A funny thing happened over the last few weeks. Capcom, a company known for making full size, retail games, tried their hand at making an episodic game. Surprisingly, they promised the game would be released on a weekly basis. Even more surprisingly, despite this being their first venture into the world of episodic gaming, they did something that neither Telltale or even Valve has managed; they stuck to their schedule and released every single episode on time, as promised. Obviously arguments can be held about the overall quality of the series, but the one thing that can’t be denied is that from a “promise to the customer perspective,” Capcom has had an amazing debut.
One thing that isn’t a mystery here is how Capcom has actually managed to achieve this miracle of release scheduling. Considering the fact that the entire Resident Evil Revelations 2 series was put out every single week, there’s only one logical conclusion; the entire game was done before they even released the first episode. If a product is complete, bug tested, submitted and approved by the publisher, then it’s a simple matter to set the calendar, upload each episode to the online marketplace server, and just sit back waiting for the respective online vendor to “flip the switch” and make each episode available as the weeks pass.
So the real mystery here is, “Why don’t more studios do this?”
Valve is obviously the most famous case of a game studio NOT doing this. They mangled the notion of an episodic game series so badly that to this day, Half-Life 2 Episode 3 is still waiting in the wings, despite the fact that Episode 2 came out in 2007. Telltale, while not delaying games to anywhere near that degree, has had a lot of trouble sticking to their own release schedule. Earlier games such as the award winning The Walking Dead series were originally announced as monthly releases. That slipped, and the games were set for a bi-monthly release, but even that proved difficult and now Telltale plays it safe, simply announcing that new episodes come out “periodically,” thus ensuring no egg on their face if a promised release date slips. Even newcomer Dontnod, with their fascinating Life Is Strange series, has already slipped somewhat with their monthly release ambitions, narrowly missing their March release date and just managing to squeeze in their second episode on the last full week of the month after announcing a delay.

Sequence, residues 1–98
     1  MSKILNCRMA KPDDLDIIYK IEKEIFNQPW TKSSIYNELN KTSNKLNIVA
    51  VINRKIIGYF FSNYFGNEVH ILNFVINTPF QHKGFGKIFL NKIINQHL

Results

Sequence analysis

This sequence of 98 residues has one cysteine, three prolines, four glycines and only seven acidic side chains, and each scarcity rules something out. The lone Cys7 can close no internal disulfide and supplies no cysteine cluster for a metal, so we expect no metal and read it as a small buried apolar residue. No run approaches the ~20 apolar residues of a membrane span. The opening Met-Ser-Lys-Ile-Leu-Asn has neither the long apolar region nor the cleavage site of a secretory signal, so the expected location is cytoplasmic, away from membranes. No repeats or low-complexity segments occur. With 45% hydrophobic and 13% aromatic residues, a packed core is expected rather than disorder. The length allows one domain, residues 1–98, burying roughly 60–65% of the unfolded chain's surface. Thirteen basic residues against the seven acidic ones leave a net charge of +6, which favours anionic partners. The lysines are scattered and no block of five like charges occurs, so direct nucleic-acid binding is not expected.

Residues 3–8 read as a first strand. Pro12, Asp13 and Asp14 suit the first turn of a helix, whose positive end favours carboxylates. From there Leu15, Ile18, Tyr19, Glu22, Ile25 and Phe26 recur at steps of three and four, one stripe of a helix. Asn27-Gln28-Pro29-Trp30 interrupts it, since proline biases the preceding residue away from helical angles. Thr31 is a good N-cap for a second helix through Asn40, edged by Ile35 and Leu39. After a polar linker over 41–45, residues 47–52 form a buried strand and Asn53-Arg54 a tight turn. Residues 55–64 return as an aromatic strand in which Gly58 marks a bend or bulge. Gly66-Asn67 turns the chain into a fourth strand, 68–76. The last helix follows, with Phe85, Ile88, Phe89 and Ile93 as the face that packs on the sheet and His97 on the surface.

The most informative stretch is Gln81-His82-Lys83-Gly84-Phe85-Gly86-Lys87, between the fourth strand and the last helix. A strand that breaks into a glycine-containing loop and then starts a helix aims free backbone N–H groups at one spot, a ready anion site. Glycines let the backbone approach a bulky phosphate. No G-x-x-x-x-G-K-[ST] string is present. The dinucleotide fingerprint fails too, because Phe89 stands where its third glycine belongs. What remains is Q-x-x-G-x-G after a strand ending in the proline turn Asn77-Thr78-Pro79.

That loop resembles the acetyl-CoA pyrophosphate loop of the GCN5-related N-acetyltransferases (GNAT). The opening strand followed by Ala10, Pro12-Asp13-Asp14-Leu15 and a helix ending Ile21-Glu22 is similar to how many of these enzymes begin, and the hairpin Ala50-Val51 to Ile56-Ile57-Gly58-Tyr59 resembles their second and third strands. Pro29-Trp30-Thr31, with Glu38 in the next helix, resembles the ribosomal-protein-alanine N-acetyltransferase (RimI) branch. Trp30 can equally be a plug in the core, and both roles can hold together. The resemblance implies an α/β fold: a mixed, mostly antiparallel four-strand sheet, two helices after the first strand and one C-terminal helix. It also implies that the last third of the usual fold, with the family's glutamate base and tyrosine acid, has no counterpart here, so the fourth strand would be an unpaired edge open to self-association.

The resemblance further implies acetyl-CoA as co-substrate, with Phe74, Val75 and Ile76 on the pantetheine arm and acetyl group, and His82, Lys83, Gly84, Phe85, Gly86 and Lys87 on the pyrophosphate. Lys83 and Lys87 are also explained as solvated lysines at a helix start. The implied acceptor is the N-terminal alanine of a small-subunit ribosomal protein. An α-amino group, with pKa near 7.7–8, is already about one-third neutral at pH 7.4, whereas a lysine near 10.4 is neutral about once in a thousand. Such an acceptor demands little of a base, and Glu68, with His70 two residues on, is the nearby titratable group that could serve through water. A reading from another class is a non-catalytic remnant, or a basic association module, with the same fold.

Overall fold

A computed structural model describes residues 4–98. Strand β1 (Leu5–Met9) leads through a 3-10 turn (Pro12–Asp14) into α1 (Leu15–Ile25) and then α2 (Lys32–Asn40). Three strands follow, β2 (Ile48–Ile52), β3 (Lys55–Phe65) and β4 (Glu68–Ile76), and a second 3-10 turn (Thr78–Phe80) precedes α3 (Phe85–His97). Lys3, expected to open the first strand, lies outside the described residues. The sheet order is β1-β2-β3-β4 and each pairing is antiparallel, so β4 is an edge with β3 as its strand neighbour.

Valve, despite having enormous resources, found it really didn’t like working to an episodic schedule and has pretty much sworn off the concept entirely since then, preferring to retreat back to the old school “When it’s done,” mantra that is part of the PC gaming legacy. As one of the early pioneers of episodic gaming, they were in the unique position of getting to do it early and then simply deciding it wasn’t for them. Telltale and Dontnod however, are fully committed to the idea of episodic gaming but, even with Telltale’s years of experience, it’s hard to stick to the schedule.
One simple reason for this is probably a lack of money. Compared to Capcom and Valve that are large, multinational companies with a fleet of employees on comprehensive benefits packages, both Telltale and Dontnod are smaller, indie studios. They simply don’t have the funds to regularly pay out cheques to their crews on an indefinite basis until a project is done, because they don’t receive a huge cash advance from a publisher the way Capcom might, and they need to rely on actual sales profits to fuel their corporate activity. As a result, they NEED to have games out there and selling. That’s one of the reasons why Telltale tangoes with such an intimidating release schedule. They juggle multiple episodic franchises at any one time, such as Borderlands and Game of Thrones in active release right now, while new Fables, Walking Dead and other IPs are burbling in pre-production. In the case of Dontnod, not only is this an entirely new genre for them, this is the first time they’ve ever done an episodic series AND they committed to a monthly release schedule.
Maybe in the future, with a bit more money safely tucked away in the bank, companies like Telltale and Dontnod can do what Capcom does, and simply plan far, FAR ahead, releasing the games only once the episodes are finished. For now however, the need to make sure there’s a product on the digital shelves, generating income, is always going to put these companies at risk of slipping a release date when plans—inevitably—go awry. Making games is hard. Making games according to a tight, reoccurring schedule you promised your customers is doubly so.